Following a one-year break, the Kuhmo Chamber Music Festival will take place once again this summer. Fifty-five concerts are planned, with the opportunity to hear dozens of top musicians from Finland and abroad. The theme this year is Beethoven, the 250th anniversary of whose birth last year was overshadowed by the coronavirus pandemic. The Festival runs 11-24 July.

Many well-known artists from the world of music will be performing again this year at Kuhmo. Pianists include Nino Gvetadze and Konstantin Bogino, and among the 20 or more violinists appearing are Sergey Malov and Daniel Rowland. Performing too are the cellists Senja Rummukainen, Maja Bogdanović and Trey Lee, among others. Five chamber ensembles will be playing, including groups from the Kuhmo Quartet Academy and, ever popular with audiences, the Danel Quartet and the Storioni Trio.

The pandemic means that only half the seats at the venues can be occupied. The venues this year are the Kuhmo Arts Centre and Kuhmo Church, as these larger spaces are better suited to social distancing. Audience safety has also been considered in the timing of events, because the number of concerts each day has been limited to just four, and there will be no intermissions. This will allow audiences enough time to leave venues safely and to move between them.

Classics on a large scale

The theme this summer is The Beethoven Burst! Over the two-week period visitors will hear some of Beethoven’s major large-scale chamber works, from the violin sonatas to the massive Septet. There will also be performances of all his symphonies arranged for smaller ensembles. The Festival will end with none other than the first performance in Finland of Vladimir Mendelssohn’s arrangement of Beethoven’s ninth symphony for chamber ensemble.

Audiences will enjoy a wide range of Beethoven’s output, as a lot of rarely heard works are on the programme. There is also much music from Beethoven’s time the Trout Quintet hasn’t been forgotten either. In general, the Festival programme will focus more than usual on the chamber classics. A further speciality for Kuhmo will come in the shape of Erik Satie’s Vexations for piano, which, with the repetitions, takes almost 24 hours to play!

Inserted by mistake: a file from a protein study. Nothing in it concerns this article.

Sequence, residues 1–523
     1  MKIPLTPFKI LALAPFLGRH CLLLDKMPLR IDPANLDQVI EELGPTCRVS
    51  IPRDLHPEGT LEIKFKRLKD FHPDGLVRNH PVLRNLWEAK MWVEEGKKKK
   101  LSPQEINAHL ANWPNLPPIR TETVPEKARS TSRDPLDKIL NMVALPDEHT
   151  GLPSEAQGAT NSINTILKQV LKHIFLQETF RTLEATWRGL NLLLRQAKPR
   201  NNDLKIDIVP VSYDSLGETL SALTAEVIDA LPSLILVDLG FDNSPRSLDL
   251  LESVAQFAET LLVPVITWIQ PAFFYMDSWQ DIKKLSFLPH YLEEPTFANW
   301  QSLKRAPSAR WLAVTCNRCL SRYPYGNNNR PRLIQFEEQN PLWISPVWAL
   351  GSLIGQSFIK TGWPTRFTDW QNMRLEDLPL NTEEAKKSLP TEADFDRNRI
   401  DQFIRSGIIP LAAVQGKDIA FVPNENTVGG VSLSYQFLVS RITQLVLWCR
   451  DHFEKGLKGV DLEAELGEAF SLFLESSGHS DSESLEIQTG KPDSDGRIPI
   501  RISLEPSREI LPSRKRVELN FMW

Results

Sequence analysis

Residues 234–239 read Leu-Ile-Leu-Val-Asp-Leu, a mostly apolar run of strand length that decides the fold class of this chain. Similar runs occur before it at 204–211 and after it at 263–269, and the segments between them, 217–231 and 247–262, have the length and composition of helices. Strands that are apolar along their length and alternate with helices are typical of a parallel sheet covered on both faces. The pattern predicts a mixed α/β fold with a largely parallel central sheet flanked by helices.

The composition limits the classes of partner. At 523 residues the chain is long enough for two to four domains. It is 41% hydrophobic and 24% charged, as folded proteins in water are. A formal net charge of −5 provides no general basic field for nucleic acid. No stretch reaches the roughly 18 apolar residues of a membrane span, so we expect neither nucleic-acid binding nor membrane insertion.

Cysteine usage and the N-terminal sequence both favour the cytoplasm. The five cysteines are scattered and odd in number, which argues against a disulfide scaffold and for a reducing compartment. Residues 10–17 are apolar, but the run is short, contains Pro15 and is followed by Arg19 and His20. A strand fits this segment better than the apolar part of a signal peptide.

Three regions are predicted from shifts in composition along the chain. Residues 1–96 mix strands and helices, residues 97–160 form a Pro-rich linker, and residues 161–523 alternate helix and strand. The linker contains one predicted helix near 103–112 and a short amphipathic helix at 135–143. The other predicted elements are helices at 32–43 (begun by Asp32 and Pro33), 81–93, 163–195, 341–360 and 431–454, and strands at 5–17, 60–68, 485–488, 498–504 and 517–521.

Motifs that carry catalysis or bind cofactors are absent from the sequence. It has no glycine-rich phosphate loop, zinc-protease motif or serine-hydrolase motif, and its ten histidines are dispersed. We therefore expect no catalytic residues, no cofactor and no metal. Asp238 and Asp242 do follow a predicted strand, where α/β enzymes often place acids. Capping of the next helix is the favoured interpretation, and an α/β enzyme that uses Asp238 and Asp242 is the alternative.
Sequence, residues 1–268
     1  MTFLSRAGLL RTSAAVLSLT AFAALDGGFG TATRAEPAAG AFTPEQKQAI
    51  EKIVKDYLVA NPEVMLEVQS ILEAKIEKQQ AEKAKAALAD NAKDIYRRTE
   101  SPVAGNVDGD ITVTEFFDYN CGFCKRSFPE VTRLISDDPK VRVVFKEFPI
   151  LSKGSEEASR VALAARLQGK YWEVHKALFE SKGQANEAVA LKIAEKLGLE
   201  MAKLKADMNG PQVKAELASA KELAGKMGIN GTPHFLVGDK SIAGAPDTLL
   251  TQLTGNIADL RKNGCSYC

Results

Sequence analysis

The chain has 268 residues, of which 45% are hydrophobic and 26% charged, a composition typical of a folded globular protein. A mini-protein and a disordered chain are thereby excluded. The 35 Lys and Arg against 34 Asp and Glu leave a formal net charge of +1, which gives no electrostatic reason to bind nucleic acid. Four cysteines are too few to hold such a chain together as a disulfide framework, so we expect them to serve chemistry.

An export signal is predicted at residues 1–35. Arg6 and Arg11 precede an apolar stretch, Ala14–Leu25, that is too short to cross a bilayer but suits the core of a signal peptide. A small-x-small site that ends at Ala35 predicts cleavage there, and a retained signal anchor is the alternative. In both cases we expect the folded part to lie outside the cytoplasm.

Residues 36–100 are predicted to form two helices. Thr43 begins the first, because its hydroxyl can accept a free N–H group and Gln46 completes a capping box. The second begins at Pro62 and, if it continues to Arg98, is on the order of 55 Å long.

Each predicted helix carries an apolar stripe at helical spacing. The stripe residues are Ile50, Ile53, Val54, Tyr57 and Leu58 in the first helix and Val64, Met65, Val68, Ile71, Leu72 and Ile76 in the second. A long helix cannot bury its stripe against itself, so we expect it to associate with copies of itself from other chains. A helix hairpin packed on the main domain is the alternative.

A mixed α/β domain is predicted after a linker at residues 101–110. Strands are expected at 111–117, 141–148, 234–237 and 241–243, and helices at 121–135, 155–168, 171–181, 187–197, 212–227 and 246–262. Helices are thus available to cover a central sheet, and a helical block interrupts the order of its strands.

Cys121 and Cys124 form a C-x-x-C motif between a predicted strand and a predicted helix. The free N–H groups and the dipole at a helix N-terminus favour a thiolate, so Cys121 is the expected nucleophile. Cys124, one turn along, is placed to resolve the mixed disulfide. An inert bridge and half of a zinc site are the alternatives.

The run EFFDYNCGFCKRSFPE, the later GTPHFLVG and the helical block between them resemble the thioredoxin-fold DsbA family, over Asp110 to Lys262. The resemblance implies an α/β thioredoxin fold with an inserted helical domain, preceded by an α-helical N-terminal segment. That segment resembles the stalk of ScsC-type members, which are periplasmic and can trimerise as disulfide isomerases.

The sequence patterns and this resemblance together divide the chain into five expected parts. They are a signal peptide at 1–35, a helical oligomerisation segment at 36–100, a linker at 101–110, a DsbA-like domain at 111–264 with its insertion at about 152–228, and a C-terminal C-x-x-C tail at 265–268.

Burst and afterglow

The expression, the ’Beethoven burst’, comes from a gamma-ray burst observed in a distant galaxy in 1999, which was followed by an afterglow. The phenomenon came to be known as the Beethoven Burst, as it was discovered on the composer’s birthday. Artistic Director of Kuhmo Chamber Music, Vladimir Mendelssohn, has a poetic explanation for the coincidence: divine and natural forces had meant the discovery of a hypernova and Beethoven’s birth should take place on the same day. The light resulting from the birth of a star is a wondrous event, which can be seen, but music is like a dream, that can be heard, as Beethoven himself said.

It was the 250th anniversary of Beethoven’s birth last year, when Kuhmo Chamber Music was interrupted owing to Covid-19. But Beethoven continues to shine and Vladimir Mendelssohn says that his music, the product of his limitless imagination, embodies passions, visions, moonlight, storms, jealousy, love, contempt and admiration, bringing to life the mythical Prometheus, spirits and muses and the Ode to Joy. They have all become part of the same inextinguishable afterglow.

Art exhibitions this summer

As always, there will be exhibitions of art at Kuhmo during the Festival. There will be graphic art and wood cuts by Ari Pelkonen and Annu Vertanen on display in the Arts Centre foyer 11-24 July and in the Chamber Music Centre’s Galleria there will be an exhibition by the group of artists known as Latitude 64. Leveyspiiri over the same period. Visual art from the OP Art Foundation will also be on display during two concerts on Friday 16 July.

The theme for 2022: the Art of Illusion

The Art of Illusion promises to be the theme of the Festival for 2022, which was to be last year’s theme. Originally it was to be the subject of this year’s event, but the uncertainty surrounding the epidemic made it impossible to put on an identical programme.

Kuhmo Chamber Music’s partner

The budget for Kuhmo Chamber Music 2021 is EUR 900,000. The town of Kuhmo and the Finnish Cultural Foundation have provided funding and financial assistance is at present being requested of the Ministry of Education and Culture. The festival has nine private sector partners. Partners and friends of the Festival are still the OP Financial Group, Canorama Oy, F-Musiikki Oy, Kainuun Sanomat, Kuhmo Oy, Loiste Oy, Metsähallitus, No-Pan Auto Oy and Osuuskauppa Maakunta.

The Kuhmo Chamber Music Festival, which began in 1970, will now take place for the 51st time. The two-week Festival is still Finland’s biggest celebration of chamber music.

Further information:
Kuhmo Chamber Music, tel. +358 44 544 5162